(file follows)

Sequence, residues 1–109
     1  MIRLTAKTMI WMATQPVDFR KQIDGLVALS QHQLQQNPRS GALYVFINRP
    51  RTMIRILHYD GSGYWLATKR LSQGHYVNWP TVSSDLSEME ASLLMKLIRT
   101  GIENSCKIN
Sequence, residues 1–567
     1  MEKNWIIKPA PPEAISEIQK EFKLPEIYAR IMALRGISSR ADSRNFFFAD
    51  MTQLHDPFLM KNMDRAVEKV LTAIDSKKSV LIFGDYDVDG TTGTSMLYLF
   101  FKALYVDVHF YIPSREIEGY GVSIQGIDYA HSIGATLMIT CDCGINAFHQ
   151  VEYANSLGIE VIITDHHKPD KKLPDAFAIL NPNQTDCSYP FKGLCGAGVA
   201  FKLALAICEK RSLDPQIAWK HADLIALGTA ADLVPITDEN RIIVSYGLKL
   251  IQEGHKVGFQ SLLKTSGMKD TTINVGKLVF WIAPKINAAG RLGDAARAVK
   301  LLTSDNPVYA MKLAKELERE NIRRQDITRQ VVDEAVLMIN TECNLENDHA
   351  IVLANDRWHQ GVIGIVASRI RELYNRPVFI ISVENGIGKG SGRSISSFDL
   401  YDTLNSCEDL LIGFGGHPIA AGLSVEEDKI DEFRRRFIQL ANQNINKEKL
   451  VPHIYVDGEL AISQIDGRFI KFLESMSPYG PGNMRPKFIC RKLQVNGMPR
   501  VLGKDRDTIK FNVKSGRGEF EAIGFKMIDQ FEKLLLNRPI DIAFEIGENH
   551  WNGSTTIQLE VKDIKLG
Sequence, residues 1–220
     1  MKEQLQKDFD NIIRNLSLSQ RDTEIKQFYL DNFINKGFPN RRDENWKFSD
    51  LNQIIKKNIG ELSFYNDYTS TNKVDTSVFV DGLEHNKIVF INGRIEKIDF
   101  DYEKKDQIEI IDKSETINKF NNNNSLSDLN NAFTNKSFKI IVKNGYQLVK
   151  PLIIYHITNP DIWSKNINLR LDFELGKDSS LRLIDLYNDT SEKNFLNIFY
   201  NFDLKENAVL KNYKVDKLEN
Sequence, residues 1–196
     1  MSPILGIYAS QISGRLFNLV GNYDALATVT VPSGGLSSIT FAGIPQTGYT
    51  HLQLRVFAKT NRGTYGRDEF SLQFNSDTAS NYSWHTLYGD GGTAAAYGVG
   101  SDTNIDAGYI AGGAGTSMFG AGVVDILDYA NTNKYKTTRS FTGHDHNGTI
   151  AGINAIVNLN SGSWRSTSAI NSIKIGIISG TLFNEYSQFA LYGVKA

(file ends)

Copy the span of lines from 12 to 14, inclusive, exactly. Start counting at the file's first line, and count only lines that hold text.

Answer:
   301  LLTSDNPVYA MKLAKELERE NIRRQDITRQ VVDEAVLMIN TECNLENDHA
   351  IVLANDRWHQ GVIGIVASRI RELYNRPVFI ISVENGIGKG SGRSISSFDL
   401  YDTLNSCEDL LIGFGGHPIA AGLSVEEDKI DEFRRRFIQL ANQNINKEKL